This is a 3D print from a filament based printer, the technology has a couple of different names. FDM or Fused Deposition Modeling, which refers to the original patented technology. FFF or Fused Filament Fabrication, which is commonly used by the RepRap community and other derivative desktop 3D printers. And PJP or plastic Jet Printing, which is another term that's sometimes used. So how does this technology work? Like a very accurate, computer controlled glue gun.
A motor pushes plastic filament through a hot nozzle. And draws 2D layers, one on top of the other to build the 3D design. Printer resolution is measured by layer height for this type of 3D printer. And the resolution is variable. It's measured in microns or millimeters. 100 microns is equal to 0.1 millimeters. Thicker, low resolution layers are about 300 microns. These layer lines are fairly course. But in a high-resolution print, with layer heights under 100 microns, the lines are much less visible.
You'll see this effect more prominently in areas where there are subtle slopes in your design. Most prints aren't solid. They're printed with an outside wall called a perimeter, and a pattern on the inside that's called infill. The amount of infill can be varied, depending on the use. This bunny has an infill of 10%. You might use less for a purely decorative object, or more for a functional part. Most consumer grade printers use generic filament. It can be purchased from a wide variety of vendors.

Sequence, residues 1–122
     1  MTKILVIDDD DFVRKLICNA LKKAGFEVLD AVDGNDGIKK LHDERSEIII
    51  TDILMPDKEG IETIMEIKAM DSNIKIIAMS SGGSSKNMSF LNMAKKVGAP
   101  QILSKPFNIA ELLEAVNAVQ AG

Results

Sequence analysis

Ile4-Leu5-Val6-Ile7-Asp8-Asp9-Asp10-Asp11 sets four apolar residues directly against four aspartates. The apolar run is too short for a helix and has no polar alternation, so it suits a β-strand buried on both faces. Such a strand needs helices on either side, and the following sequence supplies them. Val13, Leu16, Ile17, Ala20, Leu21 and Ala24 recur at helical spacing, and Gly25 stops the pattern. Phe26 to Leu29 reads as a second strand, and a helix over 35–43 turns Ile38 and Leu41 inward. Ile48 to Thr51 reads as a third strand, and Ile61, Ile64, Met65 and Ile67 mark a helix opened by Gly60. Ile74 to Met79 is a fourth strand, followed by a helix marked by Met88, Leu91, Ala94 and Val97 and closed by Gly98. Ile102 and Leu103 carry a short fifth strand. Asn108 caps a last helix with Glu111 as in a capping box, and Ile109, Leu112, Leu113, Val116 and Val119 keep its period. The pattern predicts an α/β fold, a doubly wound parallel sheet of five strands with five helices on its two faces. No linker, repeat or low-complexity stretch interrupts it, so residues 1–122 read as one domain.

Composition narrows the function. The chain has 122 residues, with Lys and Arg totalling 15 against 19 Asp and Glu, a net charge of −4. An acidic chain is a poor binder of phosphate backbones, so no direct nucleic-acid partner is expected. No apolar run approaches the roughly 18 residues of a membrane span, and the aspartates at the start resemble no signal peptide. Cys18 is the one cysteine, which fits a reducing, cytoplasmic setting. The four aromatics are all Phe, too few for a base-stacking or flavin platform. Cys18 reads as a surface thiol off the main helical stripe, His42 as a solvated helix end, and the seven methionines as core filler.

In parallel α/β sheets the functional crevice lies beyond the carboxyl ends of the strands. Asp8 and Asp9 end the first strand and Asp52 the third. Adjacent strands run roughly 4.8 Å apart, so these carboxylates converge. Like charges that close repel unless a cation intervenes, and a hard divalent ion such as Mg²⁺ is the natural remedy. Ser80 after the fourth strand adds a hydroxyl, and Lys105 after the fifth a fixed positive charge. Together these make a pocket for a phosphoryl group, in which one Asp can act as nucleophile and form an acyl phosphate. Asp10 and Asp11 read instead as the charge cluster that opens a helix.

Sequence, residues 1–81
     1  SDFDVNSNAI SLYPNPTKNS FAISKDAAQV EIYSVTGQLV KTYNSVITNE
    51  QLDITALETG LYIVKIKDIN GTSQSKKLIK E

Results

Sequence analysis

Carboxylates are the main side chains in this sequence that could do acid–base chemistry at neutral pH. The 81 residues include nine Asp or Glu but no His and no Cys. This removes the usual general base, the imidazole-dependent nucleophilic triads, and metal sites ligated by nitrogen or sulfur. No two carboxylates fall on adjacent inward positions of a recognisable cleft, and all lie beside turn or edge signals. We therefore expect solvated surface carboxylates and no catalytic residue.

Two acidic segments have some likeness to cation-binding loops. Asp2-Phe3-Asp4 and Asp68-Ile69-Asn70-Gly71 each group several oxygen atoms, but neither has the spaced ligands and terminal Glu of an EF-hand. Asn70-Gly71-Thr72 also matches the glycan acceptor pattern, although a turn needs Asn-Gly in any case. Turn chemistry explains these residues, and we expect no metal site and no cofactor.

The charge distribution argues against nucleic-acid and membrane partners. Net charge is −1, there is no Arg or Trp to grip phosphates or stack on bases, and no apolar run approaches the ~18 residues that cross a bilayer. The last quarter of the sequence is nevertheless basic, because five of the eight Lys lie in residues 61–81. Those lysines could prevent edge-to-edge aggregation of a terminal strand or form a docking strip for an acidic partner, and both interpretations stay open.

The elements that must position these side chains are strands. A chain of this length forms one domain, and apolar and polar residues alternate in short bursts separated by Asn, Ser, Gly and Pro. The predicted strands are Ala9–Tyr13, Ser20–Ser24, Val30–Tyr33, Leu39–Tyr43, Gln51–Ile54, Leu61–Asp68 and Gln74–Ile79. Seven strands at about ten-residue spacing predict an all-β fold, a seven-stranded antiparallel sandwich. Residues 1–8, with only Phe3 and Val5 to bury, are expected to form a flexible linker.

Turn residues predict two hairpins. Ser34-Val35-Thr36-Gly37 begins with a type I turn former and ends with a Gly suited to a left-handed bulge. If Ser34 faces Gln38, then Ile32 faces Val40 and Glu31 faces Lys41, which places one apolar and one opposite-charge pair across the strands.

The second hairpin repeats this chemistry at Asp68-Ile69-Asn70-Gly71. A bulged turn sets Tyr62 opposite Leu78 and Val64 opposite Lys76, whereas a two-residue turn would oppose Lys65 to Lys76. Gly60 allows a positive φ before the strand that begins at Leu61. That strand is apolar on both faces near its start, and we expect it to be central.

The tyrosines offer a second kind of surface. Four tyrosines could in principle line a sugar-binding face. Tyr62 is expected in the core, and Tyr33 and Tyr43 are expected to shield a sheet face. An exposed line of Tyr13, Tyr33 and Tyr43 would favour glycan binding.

They come in one kilogram roles, and these cost about 35 to $70. How much can one role print? Quite a bit actually, and in this case, about 20 and one-third stand for bunnies that are about 100 millimeters tall. Each medium resolution print took about three hours. A low resolution print would have taken about two, and high res print maybe five to six. Commonly used plastics are ABS which is the plastic that Legos are made from. Or PLA which is a bioplastic that's made from corn.
Other experimental plastic include Nylon, flexible plastics like Rubber and High impact Polystyrene. Higher end printers require brand named filament and typically the cost is higher. Commercial printers typically use ABS and Polycarbonate engineered for a variety of mechanical applications. One of the main differences between desktop printers and commercial printers is how they handle support material. 3D printers build up objects and layers and they can't print in midair.
And so objects with overhangs like the ears on the Stanford bunny, can be more difficult to print. Commercial printers handle this by printing in two materials at once. The plastic in one nozzle and the second material in another that can be easily washed away after the print is finished with water pressure. Desktop printers are different. They often have one extruder and printing one material at a time. And so if we want to print this bunny, support material is required if the overhangs are over 45 degrees.
This design is actually right at that threshold working print with or without support material. The supports are designed to break away, and just need a little cleanup with an X-Acto knife. So who are these printers best for? The low cost of filament and the fact that no special equipment is required to remove support material make the desktop fused filament printers great choices for hobbyists, individuals, and schools. Businesses can also get a lot of value out of prosumer machines.
But may find that the commercial options are good choices as well. The prints are solid and durable. The quality and detail is pretty good, especially with the high-resolution prints. But if detail is your top priority, especially detail in very small parts. You might be better served by a different technology, like stereo lithography or material jetting.
- What is 3D printing?
- What can you make with a 3D printer?
- Understanding the different 3D printing technologies
- Designing with 3D modeling and scanning
- Creating watertight 3D designs
- Repairing a 3D file
- Exporting your file